City of Wolverhampton Council’s finance chief says the authority anticipates being able to set a balanced budget for 2021-2022 without any need to make significant cuts to services but has warned that council tax will have to increase.

Councillor Louise Miles, cabinet member for resources, said that after receiving details of the funding settlement from central government, the council was consulting on a proposal to increase council tax by 1.99% and, as expected by Government, levy an additional 3% to pay for adult social care.

The consultation with residents and businesses will take place before the budget is finalised in March.

A financial update, going before the council’s cabinet next Wednesday (20 January), says that it should be possible to balance the books without significantly cutting essential services next year, but only by raising council tax and imposing the 3% adult social care levy.

It also warns that while government grants will cover the immediate costs of dealing with the pandemic emergency, there is uncertainty over how the council will fund the longer term economic consequences of Covid which are likely to be felt for years to come.

Councillor Miles said: “We have been told by Government what we can expect to receive for the coming financial year and we welcome the fact they are providing the money to pay for the immediate, emergency phase of the pandemic.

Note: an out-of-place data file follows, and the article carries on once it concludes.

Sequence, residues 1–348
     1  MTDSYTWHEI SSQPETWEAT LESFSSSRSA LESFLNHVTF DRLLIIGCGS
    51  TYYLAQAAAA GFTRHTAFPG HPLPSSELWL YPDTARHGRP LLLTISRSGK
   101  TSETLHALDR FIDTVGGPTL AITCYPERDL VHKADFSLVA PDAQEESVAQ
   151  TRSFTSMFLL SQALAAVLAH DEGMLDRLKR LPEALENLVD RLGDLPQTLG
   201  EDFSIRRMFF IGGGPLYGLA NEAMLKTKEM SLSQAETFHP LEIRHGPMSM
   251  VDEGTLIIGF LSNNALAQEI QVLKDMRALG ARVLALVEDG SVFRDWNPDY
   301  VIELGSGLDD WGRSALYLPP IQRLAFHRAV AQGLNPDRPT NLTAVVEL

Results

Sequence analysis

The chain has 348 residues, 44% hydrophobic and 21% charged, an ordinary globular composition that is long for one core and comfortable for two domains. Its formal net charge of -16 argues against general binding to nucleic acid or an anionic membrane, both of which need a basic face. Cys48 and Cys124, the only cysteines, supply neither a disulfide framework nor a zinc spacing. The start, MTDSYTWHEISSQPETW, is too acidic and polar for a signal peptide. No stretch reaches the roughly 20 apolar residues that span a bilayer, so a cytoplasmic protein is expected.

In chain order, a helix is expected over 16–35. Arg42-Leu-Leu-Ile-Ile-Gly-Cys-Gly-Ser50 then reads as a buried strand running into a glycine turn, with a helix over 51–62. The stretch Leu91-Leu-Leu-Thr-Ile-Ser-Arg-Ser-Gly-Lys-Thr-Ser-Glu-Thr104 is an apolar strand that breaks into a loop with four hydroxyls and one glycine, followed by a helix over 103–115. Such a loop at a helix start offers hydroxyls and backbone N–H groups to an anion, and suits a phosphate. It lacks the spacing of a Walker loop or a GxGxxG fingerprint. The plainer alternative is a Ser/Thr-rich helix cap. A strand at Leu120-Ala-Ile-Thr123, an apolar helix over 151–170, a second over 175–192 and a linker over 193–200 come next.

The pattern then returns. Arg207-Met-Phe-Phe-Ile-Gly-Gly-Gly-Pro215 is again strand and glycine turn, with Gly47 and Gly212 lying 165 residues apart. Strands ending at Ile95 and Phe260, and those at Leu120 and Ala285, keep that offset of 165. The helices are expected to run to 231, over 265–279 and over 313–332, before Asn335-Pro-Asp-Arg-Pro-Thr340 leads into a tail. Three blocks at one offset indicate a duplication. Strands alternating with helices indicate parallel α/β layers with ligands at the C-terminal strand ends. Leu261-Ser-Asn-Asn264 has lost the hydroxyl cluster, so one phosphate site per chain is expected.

“Work is ongoing to prepare next year’s budget and the detail will be shared in February, but based on current information we are confident we will be able to set a balanced budget without needing to significantly cut the services our communities rely on.

“However, this will only be possible by increasing council tax and imposing the levy to pay for adult social care which Government has told all councils it expects them to do and has factored this into their funding formula, thus passing the burden onto local residents.

“We’re consulting on our budgetary position over the coming weeks and continuing the dialogue we’ve been having with our residents, businesses and other stakeholders to set our priorities for the city.

“What councils require is greater certainly over future years’ funding to be able to take longer term decisions and plan ahead. We need central government not to take a short term view of council funding, but to provide clarity over the future and fund us properly so that council tax does not have to keep going up every year to pay for essential services.

“We also urgently need a national solution to the adult social care crisis which all parties acknowledge is a huge problem. The pandemic has shone a spotlight on the amazing work our carers provide and this sector needs to be funded properly at a national level rather than expecting councils to pass on the costs to local taxpayers."